The heart of Asa was perfect all his days - Not that Asa was sinless (see 2 Chronicles 16:2-10, 2 Chronicles 16:12); but that he was free from the sin of idolatry, and continued faithful to Yahweh all his life.

10-14. the third month—when was held the feast of pentecost. On this occasion, it was celebrated at Jerusalem by an extraordinary sacrifice of seven hundred oxen and seven thousand sheep, the spoil of the Ethiopians being offered. The assembled worshippers entered with great and holy enthusiasm into a national covenant "to seek the Lord their God … with all their heart and with all their soul;" and, at the same time, to execute with rigor the laws which made idolatry punishable with death (2Ch 15:13; De 17:2-5; Heb 10:28). The people testified unbounded satisfaction with this important religious movement, and its moral influence was seen in the promotion of piety, order, and tranquillity throughout the land. No text from Poole on this verse. And also concerning Maachah the mother of Asa the king,.... Or rather his grandmother, 1 Kings 15:10,

he removed her from being queen; the Septuagint version is, "that she should not minister to Astarte"; which was the goddess of the Zidonians; of this and the two next verses; see Gill on 1 Kings 15:13, 1 Kings 15:14, 1 Kings 15:15.

But the high places were not {k} taken away out of {l} Israel: nevertheless the heart of Asa was {m} perfect all his days.

(k) Which was partly because of lack of zeal on his part, partly through the negligence of his officers and partly by the superstition of the people that all were not taken away.

(l) Because God was called the God of Israel, by reason of his promise to Jacob, therefore Israel is sometimes taken for Judah, because Judah was his chief people.

(m) In respect to his predecessors.

17. the high places] Heb. bâmôth. These were not necessarily places of idolatrous worship, but they were sanctuaries not authorised fey the Law; Deuteronomy 12:1-7.

Israel] Cp. note on 2 Chronicles 11:3.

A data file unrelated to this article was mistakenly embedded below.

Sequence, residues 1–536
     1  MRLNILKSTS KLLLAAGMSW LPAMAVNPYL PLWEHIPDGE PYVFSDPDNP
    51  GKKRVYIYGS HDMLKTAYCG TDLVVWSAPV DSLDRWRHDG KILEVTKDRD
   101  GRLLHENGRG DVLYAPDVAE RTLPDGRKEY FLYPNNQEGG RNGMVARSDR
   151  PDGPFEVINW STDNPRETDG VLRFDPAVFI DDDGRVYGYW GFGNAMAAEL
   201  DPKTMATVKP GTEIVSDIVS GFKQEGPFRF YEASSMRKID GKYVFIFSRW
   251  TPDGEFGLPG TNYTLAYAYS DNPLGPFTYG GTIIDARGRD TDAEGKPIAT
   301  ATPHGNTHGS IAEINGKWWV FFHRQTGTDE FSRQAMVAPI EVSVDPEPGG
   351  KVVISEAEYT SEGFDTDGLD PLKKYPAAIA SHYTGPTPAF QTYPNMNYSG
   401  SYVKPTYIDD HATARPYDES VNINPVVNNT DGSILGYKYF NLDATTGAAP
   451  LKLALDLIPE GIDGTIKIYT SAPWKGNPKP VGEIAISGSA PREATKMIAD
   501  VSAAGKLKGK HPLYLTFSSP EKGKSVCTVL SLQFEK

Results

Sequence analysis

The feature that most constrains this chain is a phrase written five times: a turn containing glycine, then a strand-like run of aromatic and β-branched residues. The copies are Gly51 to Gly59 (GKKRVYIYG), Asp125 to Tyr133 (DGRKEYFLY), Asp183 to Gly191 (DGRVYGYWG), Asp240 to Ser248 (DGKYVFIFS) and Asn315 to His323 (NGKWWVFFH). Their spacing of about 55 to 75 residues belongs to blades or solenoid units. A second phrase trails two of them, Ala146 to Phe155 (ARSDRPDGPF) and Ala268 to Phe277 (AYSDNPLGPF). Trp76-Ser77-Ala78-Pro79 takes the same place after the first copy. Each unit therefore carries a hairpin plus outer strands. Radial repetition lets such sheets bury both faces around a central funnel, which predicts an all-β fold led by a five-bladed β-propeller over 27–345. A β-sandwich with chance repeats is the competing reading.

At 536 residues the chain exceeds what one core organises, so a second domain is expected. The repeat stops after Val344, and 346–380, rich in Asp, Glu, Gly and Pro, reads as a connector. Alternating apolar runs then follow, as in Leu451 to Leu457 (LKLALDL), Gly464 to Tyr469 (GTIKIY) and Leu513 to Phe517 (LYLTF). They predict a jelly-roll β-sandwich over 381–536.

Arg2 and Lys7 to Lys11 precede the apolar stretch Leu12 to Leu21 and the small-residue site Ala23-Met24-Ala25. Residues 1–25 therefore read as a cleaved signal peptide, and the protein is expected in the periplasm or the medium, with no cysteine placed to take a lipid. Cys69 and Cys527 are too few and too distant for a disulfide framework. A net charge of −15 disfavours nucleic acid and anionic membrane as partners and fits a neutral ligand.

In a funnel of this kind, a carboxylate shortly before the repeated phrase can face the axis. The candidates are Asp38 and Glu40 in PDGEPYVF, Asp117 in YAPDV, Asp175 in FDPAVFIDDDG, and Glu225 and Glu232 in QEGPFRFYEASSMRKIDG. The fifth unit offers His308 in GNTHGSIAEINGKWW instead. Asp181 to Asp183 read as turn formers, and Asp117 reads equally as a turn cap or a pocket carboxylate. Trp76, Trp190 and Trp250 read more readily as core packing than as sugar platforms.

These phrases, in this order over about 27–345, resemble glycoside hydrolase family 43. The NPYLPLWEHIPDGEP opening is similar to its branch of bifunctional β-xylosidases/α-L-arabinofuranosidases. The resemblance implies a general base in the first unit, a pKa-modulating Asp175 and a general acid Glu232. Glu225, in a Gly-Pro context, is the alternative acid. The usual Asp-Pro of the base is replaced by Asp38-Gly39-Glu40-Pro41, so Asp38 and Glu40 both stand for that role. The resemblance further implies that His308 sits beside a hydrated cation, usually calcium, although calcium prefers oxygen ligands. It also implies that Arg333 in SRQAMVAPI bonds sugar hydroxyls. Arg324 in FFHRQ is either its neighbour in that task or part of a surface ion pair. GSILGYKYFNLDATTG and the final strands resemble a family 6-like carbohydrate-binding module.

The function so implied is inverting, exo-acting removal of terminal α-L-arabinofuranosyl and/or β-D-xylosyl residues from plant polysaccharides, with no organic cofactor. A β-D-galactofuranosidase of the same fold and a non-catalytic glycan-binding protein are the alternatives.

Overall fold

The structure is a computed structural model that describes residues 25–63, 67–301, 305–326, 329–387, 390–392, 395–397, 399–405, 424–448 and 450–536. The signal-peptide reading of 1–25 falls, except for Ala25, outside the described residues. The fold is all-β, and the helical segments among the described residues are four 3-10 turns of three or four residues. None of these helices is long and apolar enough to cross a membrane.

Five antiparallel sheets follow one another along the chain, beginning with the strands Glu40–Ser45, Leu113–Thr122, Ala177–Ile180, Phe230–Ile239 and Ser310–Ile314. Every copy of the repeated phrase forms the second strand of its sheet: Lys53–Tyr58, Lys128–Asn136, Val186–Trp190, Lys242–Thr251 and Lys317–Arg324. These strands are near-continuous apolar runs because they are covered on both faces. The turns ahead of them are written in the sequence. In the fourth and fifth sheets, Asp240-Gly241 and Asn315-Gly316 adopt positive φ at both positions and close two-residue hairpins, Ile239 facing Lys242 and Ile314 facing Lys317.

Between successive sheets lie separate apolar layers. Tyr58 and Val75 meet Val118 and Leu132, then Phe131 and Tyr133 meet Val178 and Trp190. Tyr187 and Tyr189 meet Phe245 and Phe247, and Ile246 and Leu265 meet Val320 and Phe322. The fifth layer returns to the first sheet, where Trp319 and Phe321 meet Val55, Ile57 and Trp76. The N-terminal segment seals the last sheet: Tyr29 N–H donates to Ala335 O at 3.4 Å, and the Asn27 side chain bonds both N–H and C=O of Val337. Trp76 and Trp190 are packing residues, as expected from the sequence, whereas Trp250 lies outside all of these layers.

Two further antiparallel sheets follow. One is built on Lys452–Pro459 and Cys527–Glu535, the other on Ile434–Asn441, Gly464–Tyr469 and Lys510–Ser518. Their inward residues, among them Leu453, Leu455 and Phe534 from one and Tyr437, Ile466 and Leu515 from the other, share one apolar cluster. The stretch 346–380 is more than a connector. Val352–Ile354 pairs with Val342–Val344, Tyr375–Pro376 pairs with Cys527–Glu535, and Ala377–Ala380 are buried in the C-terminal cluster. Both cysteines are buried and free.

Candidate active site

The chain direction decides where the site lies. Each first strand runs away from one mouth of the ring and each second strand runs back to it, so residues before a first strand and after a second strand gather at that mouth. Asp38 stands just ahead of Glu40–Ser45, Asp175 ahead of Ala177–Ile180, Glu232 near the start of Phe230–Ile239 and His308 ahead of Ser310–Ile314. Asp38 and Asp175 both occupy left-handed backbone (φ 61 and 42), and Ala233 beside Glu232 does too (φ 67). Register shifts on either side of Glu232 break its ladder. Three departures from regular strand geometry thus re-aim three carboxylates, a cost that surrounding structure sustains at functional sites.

perfect] i.e. “whole, undivided in its allegiance.”Verse 17. - The high places were not taken away out of Israel. It is possible, but scarcely tenable, that, by Israel, the northern kingdom may be here intended. But for the apparent discrepancy with those places which say that Asa did take away "the high places" (2 Chronicles 14:3, 5), see notes under them, and §7. 1, pp. 16, 17, of 'Introduction to 1 Chronicles.' "The high places" were hills on which sacrifices were illegitimately offered instead of at the chosen place - at Jerusalem. The heart of Asa was perfect all his days. The words, "with Jehovah," following after the word "perfect" in the parallel (1 Kings 15:17), makes the already plain plainer. The exact meaning is that Asa was consistently free from idolatry to the end. At this festival, which was held on the third month of the fifteenth year of Asa's reign, they offered of the booty, i.e., of the cattle captured in the war against the Cushites (2 Chronicles 14:14), 700 oxen and 7000 sheep. הביאוּ מן־השּׁלל defines the ויּזבּחוּ more closely: they sacrificed, viz., from the booty they offered. From this it seems to follow that the sacrificial festival was held soon after the return from the war against the Cushites. The attack of the Cushite Zerah upon Judah can only have occurred in the eleventh year of Asa, according to 2 Chronicles 14:1; but it is not stated how long the war lasted, nor when Asa returned to Jerusalem (2 Chronicles 14:14) after conquering the enemy and plundering the towns of the south land. But Asa may quite well have remained longer in the south after the Cushites had been driven back, in order again firmly to establish his rule there; and on his return to Jerusalem, in consequence of the exhortation of the prophet Azariah, may have straightway determined to hold a sacrificial festival at which the whole people should renew the covenant with the Lord, and have set apart and reserved a portion of the captured cattle for this purpose.